How to access
Fly in upper class with Virgin Atlantic or in business or first on Delta. Amex Platinum card holders can also get in.
While the above lounges represent some of the absolute best airline-run lounges at major U.S. hubs, a few more merit an honorable mention. They include:
Qantas first-class lounge at LAX
The Aussie flag carrier’s posh L.A. lounge, known for its California Knoll furnishings and a 48-foot-long bar, reopened on August 11. Open to Qantas International First customers and eligible Qantas frequent flier and oneworld members.
Emirates lounge at JFK
This spacious Emirates lounge is known for elegant decor, sweeping views of the runway, and fine food and drink. It is open to the carrier’s first- and business-class passengers as well as to economy-class fliers for a fee.
Turkish Airlines lounge at Washington Dulles
Known as one of the best lounges at Dulles, with the airline’s trademark emphasis on food and drink, it’s also open to Priority Pass members, in addition to Turkish and Star Alliance premium-class fliers.
How to access airport lounges
If you don’t have elite status with any of the airlines, there are numerous other ways that you may be able to gain access to an airline lounge.
Several credit cards, including the Chase Sapphire Reserve and the American Express Platinum, come with Priority Pass Select membership, which gives travelers access to a network of lounges once they activate their membership. There is also a growing network of credit card–branded lounges, including Amex-branded Centurion and Escape lounges, forthcoming Chase Sapphire lounges, and Capital One–branded lounges, which serve as added benefits for traveling cardholders.
In addition to popular credit cards, apps such as LoungeBuddy, which was acquired by Amex in 2019 and helps users locate lounges, and membership programs like Priority Pass have made it easier to pay for a day pass at select airport lounges, depending on availability—if you can find a facility that still offers this single-visit perk.
The bar for admission is typically higher at the lounges operated by foreign flag carriers serving the United States, which often restrict entry to first- and business-class fliers or travelers with elite status. And U.S. airlines are moving to more of a two-tiered system so their best customers will also get that VIP feel: Delta Air Lines, for example, has announced a new line of Delta One lounges exclusively reserved for those traveling in the carrier’s long-haul first-class cabins, with the first one slated to open in 2023 at New York’s John F. Kennedy International Airport (JFK). American Airlines has a more exclusive Flagship First product for those holding first-class and some business-class tickets, and United is making a major investment in Polaris lounges for international first- and business-class passengers at its domestic hubs.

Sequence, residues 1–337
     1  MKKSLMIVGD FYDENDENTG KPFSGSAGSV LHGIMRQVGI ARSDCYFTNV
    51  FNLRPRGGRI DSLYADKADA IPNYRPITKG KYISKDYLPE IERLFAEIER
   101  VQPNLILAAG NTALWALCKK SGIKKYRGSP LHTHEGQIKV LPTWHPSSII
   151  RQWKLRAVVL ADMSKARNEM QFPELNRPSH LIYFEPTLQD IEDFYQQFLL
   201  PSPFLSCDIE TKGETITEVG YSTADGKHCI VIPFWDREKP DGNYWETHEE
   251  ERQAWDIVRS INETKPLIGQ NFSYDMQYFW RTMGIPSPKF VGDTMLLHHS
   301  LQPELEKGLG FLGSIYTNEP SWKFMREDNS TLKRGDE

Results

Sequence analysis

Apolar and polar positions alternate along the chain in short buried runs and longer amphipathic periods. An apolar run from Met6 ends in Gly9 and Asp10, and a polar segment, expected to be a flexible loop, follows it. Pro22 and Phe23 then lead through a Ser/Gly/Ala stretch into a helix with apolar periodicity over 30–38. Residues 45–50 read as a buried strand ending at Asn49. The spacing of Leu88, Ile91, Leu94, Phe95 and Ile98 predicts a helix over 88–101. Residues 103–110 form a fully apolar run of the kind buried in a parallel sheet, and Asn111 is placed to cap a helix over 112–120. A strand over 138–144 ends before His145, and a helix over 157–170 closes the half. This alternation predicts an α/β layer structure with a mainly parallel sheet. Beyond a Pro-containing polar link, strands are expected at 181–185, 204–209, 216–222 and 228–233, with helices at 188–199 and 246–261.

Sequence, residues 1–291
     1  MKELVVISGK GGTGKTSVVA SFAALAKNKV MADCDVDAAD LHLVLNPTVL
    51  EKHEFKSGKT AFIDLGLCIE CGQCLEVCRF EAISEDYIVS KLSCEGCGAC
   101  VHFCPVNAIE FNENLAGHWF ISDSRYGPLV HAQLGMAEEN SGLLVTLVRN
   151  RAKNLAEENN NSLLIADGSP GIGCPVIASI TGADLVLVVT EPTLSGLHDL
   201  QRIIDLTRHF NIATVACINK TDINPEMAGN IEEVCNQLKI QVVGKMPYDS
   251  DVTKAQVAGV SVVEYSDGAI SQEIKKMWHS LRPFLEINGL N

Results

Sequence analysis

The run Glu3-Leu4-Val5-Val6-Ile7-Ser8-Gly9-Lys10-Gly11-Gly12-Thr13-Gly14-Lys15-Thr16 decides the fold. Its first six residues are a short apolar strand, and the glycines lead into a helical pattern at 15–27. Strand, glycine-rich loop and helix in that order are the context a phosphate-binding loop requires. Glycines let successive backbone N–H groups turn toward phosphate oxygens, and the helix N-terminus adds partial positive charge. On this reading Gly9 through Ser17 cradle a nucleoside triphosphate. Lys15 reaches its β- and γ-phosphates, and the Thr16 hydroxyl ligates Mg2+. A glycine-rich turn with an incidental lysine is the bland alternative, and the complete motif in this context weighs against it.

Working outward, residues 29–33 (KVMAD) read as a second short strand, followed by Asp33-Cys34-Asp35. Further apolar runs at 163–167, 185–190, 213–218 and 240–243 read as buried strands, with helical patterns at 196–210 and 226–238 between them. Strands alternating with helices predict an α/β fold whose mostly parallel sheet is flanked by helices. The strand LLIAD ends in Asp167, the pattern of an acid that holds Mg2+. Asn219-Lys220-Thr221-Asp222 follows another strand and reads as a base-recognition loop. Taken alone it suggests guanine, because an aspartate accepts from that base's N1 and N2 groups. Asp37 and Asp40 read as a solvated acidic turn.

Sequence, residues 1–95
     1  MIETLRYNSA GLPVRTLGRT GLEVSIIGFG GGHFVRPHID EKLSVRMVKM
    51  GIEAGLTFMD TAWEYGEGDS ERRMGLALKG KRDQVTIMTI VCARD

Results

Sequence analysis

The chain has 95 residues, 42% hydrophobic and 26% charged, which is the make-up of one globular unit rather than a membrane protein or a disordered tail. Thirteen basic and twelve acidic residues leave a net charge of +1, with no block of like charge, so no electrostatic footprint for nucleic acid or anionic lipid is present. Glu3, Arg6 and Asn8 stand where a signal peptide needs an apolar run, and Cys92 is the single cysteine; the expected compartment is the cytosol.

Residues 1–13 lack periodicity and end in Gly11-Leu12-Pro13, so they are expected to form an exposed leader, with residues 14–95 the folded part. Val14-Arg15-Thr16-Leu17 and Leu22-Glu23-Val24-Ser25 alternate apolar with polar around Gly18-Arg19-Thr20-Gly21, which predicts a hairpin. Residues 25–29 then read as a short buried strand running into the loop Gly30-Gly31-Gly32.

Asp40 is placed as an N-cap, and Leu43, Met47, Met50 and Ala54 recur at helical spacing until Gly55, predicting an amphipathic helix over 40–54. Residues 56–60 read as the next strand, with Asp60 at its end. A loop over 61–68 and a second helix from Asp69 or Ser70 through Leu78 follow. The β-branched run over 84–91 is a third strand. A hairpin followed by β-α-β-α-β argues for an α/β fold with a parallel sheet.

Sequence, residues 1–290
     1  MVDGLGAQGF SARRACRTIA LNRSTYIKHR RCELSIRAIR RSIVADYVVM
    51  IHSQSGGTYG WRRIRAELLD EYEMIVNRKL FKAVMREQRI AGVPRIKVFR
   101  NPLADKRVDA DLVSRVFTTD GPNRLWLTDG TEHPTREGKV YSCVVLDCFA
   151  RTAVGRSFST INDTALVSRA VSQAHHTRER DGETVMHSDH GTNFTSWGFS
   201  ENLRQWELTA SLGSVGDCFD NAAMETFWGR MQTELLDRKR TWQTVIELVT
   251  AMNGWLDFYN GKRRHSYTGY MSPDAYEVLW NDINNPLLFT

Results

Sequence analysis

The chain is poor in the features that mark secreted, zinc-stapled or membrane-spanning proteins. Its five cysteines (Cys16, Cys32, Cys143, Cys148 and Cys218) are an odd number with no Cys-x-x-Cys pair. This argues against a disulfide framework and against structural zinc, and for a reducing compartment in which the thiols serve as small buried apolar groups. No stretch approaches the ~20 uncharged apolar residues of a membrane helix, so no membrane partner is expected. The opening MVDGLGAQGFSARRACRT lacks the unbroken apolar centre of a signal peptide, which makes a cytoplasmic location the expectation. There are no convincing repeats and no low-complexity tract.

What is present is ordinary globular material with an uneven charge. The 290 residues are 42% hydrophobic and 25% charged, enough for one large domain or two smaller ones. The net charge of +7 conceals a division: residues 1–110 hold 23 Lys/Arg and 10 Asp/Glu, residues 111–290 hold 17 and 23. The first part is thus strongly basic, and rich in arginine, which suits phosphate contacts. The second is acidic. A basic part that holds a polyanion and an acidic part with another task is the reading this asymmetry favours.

In other moves to ease overcrowding at popular spots, some airlines have added limits on the number of hours travelers can spend per visit, as well as on how many guests they can bring.
“I think historically the U.S. airlines misread what the lounge was,” says Henry Harteveldt, cofounder and travel analyst with Atmosphere Research Group. “In Europe, it was never a membership club, but for the flag carriers, a premium cabin experience and a part of the journey.”
But while the ambiance at many domestic airports may feel more like a bus terminal on a bad day, at most major gateways, there are a few havens that retain a sense of glamour. Here, a sampling of top airline lounges in the United States, drawn from first-hand experience, along with input from frequent fliers and industry insiders. Keep in mind that the rules on hours, access, day pass sales, and other features can change, so check first with your carrier or credit card company to see what’s available closer to flight time.
Barbara Peterson contributed reporting.